Paula’s hidden [until measured] underlying biological dysfunction (e.g. damage to peripheral neutrons? 5-HT system defects?) causing her baseline slow breathing at rest may combine with an exogenous stressor (e.g. a virus, exposure to chronically higher levels of C02 or of mold or other allergen, loss of energy and nutrients after virus, ??? ) during a critical developmental stage eg. reaching one’s full height and reproductive status in young adulthood, reaching middle age with usual hormonal changes, or any hormonal changes ???] for adjustment of control systems to ultimately cause bipolar illness in humans.

Supplementation with Paxil, affecting the serotonin system, rescues the function of mind, thought and self memory in one person with control of breathing issues.

Interestingly, Paula has atrophied taste receptor cells. These cells are missing, and this is especially interesting because normally they regrow every month or so [but not for Paula]…AND these taste cells produce serotonin. Again, this is a hidden fact [unless one specifically looks and tests for reaction to salt/sugar]. Paula is not aware of this because she has normal taste function due to normal taste cells elsewhere in the mouth. We do not know about her serotonin pulmonary neuroendocrine cells or the serotonin cells in the GI tract or in the brain stem. [We do know that Paula’s MRI is normal – in normal health when taking supplemental Paxil and lithium- so Paula does not have the brain lesions that sometimes accompany “control of breathing” problems.]

Serotonin is primarily found in the enteric nervous system located in the gastrointestinal tract (GI tract). However, it is also produced in the central nervous system (CNS), specifically in the raphe nuclei located in the brainstem, Merkel cells located in the skin, pulmonary neuroendocrine cells and taste receptor cells in the tongue. Additionally, serotonin is stored in blood platelets and is released during agitation and vasoconstriction, where it then acts as an agonist to other platelets. https://en.wikipedia.org/wiki/Serotonin

Tryptophan (symbol Trp or W)[3] is an α-amino acid that is used in the biosynthesis of proteins. . It is essential in humans, meaning that the body cannot synthesize it and it must be obtained from the diet. Tryptophan is not only a precursor to the neurotransmitter serotonin, but also to the hormone melatonin, and vitamin B3. Many animals (including humans) cannot synthesize tryptophan: they need to obtain it through their diet, making it an essential amino acid. https://en.wikipedia.org/wiki/Tryptophan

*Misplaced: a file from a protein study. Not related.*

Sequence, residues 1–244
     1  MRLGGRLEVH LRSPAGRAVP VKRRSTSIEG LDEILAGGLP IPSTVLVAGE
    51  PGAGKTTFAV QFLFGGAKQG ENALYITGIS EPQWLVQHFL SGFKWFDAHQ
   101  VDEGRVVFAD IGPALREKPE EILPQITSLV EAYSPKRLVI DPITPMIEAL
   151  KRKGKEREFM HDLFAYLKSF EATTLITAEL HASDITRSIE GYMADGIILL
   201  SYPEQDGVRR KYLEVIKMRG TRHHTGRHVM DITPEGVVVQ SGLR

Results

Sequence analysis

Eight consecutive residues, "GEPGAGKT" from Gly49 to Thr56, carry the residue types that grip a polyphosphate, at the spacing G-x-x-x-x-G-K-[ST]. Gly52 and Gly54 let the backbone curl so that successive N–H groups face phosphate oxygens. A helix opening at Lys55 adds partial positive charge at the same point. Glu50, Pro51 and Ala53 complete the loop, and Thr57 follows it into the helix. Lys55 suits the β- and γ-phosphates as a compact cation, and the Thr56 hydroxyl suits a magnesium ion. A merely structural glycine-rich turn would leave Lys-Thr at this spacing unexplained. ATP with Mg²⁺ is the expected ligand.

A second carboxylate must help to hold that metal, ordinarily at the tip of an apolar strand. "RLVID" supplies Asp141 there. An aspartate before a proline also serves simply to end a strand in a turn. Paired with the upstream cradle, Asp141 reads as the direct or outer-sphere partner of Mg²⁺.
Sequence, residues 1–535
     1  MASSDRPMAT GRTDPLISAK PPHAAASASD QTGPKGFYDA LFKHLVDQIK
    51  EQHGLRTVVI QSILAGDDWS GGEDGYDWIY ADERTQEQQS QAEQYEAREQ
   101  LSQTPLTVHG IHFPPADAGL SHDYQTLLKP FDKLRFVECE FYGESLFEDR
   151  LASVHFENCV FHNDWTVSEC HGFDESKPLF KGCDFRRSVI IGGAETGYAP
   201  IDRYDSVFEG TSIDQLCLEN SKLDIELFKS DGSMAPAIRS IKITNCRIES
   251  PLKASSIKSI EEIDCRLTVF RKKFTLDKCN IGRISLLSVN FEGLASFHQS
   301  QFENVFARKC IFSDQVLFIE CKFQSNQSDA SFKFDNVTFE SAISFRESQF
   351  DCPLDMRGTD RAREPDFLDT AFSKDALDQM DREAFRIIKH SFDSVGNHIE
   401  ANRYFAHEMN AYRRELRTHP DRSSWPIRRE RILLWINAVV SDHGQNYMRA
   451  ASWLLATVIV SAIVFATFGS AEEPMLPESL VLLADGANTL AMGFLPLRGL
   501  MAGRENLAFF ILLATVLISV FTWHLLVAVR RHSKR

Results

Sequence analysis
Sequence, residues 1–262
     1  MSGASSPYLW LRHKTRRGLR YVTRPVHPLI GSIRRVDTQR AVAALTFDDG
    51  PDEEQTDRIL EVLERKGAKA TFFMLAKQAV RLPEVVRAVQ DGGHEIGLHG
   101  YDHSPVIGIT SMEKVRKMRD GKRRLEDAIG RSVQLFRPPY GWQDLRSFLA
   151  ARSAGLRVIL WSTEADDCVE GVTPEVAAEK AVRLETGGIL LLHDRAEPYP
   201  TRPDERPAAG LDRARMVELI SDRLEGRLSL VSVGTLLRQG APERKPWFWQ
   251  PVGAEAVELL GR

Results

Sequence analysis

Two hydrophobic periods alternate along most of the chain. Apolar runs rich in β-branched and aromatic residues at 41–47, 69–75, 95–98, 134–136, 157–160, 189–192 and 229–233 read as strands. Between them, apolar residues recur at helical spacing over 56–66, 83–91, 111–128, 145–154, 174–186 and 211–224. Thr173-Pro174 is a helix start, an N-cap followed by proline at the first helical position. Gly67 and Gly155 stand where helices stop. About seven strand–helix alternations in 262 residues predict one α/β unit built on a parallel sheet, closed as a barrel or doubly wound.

Tryptophan hydroxylase (TPH) is an enzyme (EC 1.14.16.4) involved in the synthesis of the neurotransmitter serotoninTyrosine hydroxylasephenylalanine hydroxylase, and tryptophan hydroxylase together constitute the family of biopterin-dependent aromatic amino acid hydroxylases. TPH catalyzes the following chemical reactionL-tryptophan + tetrahydrobiopterin + O2\rightleftharpoons 5-Hydroxytryptophan + dihydrobiopterin + H2O It employs one additional cofactoriron. https://en.wikipedia.org/wiki/Tryptophan_hydroxylase

So tryptophan needs to be obtained by what one eats and an enzyme [TPH] is required to synthesize it, with the help of iron.

In humans, the stimulation of serotonin production by administration of tryptophan has an antidepressant effect[3][4] and inhibition of tryptophan hydroxylase (e.g. by p-Chlorophenylalanine) may precipitate depression.[5] https://en.wikipedia.org/wiki/Tryptophan_hydroxylase

Future studies that clearly define the mechanisms by which 5-HT system and control of breathing and serotonin and tryptophan and TPH and iron may lead to depressive bipolar attacks – particularly mechanisms that involve self thought, self memory and sleep – might be a critical advancement for efforts aimed at developing a priori risk assessment and prevention strategies of bipolar illness.

Certainly, it seems likely that having hidden control of breathing issues would make it harder to co-ordinate metabolism, pH, thermoregulation, as well as finding and digesting and formulating all the essential amino acids necessary to stay alive, as well as maintaining the maximal function of those organs which need a lot of energy,[ the liver, the heart, the brain and the kidneys Am J Clin Nutr. 2010 Dec; 92(6): 1369–1377. . doi: 10.3945/ajcn.2010.29885].

Paula uses active inhaling and active exhaling [exhaling is passive] at rest. She uses more energy simply to breathe when staying still…she does not rest her respiratory muscles. Somehow, this suffices.

After periods of major illness and weight loss from illness, and as she ages.. it may not be that strange that she would need regular supplements of essential amino acids that seem especially important to brain function. And her hidden breathing problems may point to why she would require Paxil [and serotonin] rather than , say, thiamine, another nutrient necessary for normal function of the heart and of the mind, self thought and self memory or some other nutrient [eg iron] necessary for normal energy and mind function.

Measuring vital signs [BP,HR,RR and Body Temperature] at rest and looking for abnormal patterns will help in the search for nutrients which will restore and rescue mind, thought and memory and energy. It is all related. We have much to learn.